last_stationTHE LAST STATION

Up For:
Best Performance by an Actress in a Leading Role
Best Performance by an Actor in a Supporting Role

This film deserves the story that preceded it.

A friend of mine and I decided to see this film at a 9:55pm showing on a Tuesday night. Upon purchasing our tickets and getting concessions, we walked to the numbered theater that it was playing. Upon arriving, we had to take a moment to stare blankly at the poster that was placed above the door of the entrance to the seating auditorium. Even the poster looked dull. With a name like The Last Station, and the time period, and the idea that the film revolved around a train, we were not excited…at all.

In the theater, we sat by ourselves for the previews and the first minutes of the film until a male (who looked as though he had stumbled into the wrong theater) sat down a few rows in front of us and continued on the journey of the film with us (eventually dropping an object that made the sound of shattering glass…. probably alcohol).

The Last Station, turns out, has hardly anything to do with a train. Instead, the film revolves around the hectic, yet passive life of the writer of War & Peace, Tolstoy, played by Christopher Plummer, who definitely earns his nomination (in comparison to his anti-climatic performance in Imaginarium of Doctor Parnannuss or his voice as Charles Muntz in Up). Helen Miren plays his eccentric wife, that is paranoid that Tolstoy’s loyal advisor, Paul Giomatti, is trying to steal everything Tolstoy has earned from his writing by making his copyrights public domain for easier access to a wider audience.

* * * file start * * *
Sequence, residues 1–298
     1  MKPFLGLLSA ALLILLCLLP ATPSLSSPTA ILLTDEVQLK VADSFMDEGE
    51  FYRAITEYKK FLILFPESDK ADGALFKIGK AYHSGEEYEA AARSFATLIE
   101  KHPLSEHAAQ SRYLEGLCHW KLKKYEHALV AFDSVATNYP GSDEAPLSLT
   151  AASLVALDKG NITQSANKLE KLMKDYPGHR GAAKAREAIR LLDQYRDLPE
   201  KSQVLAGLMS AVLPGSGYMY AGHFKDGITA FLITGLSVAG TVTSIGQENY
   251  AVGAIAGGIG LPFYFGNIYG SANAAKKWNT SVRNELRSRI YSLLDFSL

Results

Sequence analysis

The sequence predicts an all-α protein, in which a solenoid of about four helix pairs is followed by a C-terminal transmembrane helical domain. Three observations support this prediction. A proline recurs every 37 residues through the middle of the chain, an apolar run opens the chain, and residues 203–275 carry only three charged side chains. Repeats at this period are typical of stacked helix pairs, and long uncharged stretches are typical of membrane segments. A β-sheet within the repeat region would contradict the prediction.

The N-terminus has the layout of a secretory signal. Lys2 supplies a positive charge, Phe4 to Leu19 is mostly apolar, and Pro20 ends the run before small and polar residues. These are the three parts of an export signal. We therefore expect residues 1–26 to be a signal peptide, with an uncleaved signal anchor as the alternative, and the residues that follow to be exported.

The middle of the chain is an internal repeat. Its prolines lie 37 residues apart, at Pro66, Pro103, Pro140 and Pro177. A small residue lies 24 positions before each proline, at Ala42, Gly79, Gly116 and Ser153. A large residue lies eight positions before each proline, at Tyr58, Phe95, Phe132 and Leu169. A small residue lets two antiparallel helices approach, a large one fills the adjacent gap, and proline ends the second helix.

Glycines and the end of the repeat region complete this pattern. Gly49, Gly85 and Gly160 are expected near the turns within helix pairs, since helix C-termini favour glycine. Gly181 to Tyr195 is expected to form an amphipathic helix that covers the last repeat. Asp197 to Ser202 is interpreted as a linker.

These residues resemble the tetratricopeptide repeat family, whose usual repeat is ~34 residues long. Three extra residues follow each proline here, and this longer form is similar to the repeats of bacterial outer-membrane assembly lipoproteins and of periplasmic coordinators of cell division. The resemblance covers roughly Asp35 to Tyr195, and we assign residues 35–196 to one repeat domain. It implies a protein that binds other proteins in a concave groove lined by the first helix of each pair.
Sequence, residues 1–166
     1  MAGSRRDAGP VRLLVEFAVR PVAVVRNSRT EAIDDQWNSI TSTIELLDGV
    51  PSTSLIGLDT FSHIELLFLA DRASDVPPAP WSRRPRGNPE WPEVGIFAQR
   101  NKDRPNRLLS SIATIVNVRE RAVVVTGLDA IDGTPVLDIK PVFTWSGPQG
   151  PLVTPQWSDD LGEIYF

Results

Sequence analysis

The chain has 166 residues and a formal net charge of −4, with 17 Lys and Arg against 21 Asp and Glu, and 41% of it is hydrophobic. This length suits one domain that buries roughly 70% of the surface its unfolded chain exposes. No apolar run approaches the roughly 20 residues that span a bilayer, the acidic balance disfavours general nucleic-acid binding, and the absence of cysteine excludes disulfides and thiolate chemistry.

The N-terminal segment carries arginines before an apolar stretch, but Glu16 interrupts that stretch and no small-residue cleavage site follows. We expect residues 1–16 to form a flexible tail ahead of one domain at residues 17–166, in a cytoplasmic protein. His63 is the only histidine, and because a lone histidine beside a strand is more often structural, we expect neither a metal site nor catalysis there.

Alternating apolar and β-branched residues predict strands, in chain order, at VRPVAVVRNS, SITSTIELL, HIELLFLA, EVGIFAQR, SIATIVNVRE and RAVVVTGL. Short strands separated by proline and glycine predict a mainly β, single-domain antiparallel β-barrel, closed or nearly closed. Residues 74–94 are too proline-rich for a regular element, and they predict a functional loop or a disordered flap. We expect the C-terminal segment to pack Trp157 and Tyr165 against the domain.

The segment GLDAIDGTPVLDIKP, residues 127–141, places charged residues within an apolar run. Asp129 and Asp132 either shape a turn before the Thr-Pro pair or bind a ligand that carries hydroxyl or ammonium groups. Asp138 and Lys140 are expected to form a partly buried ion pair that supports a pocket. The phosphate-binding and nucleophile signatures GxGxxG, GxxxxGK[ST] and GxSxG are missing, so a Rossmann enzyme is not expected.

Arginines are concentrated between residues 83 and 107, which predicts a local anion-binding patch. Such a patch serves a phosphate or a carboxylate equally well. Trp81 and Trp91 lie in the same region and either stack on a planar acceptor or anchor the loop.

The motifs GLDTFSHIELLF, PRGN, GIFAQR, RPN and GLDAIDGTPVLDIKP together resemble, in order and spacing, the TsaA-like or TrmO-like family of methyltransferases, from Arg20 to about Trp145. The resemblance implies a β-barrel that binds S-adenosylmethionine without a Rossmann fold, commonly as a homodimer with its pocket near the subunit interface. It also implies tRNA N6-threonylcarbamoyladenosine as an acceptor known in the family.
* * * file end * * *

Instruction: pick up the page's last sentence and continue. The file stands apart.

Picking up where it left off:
In the fray of all of this, James McAvoy (widely known from his role in Wanted) enters to become Tolstoy’s young secretary, learning more than he bargained for from a sexual Tolsoyan, Masha, played by gorgeous Kerry Condon.

The Last Station will take you through the full spectrum of emotion, making you laugh with its comedic timing and pace, while making you cry to the eventual demise of its main character (its historically accurate, so I’m not spoiling anything). It will make you distrust everyone, yet feel for each side of the argument.

Obviously, this film deserves the nominations it received and would not surprise me if it took the gold.

In the end, my friend and I left the film grateful for having experienced a film we would never have seen in a million years had we had a choice, and both agreed that our biggest challenge now would be persuading others to view the film so that they may experience the beauty that was this film.


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